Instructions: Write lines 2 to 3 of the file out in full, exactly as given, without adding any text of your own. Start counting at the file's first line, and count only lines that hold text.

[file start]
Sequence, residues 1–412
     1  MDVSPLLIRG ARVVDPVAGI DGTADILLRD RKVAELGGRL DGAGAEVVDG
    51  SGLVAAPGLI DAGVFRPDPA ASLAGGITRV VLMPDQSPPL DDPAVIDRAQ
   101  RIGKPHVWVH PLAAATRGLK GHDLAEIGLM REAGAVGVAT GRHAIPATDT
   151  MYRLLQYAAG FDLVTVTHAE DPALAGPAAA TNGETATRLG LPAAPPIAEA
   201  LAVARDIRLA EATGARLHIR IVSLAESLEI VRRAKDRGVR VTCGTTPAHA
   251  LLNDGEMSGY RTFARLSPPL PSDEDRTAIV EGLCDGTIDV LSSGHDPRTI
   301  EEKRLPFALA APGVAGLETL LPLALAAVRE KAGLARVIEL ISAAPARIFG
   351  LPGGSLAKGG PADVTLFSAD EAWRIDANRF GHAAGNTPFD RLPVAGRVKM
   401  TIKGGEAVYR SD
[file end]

     1  MDVSPLLIRG ARVVDPVAGI DGTADILLRD RKVAELGGRL DGAGAEVVDG
    51  SGLVAAPGLI DAGVFRPDPA ASLAGGITRV VLMPDQSPPL DDPAVIDRAQ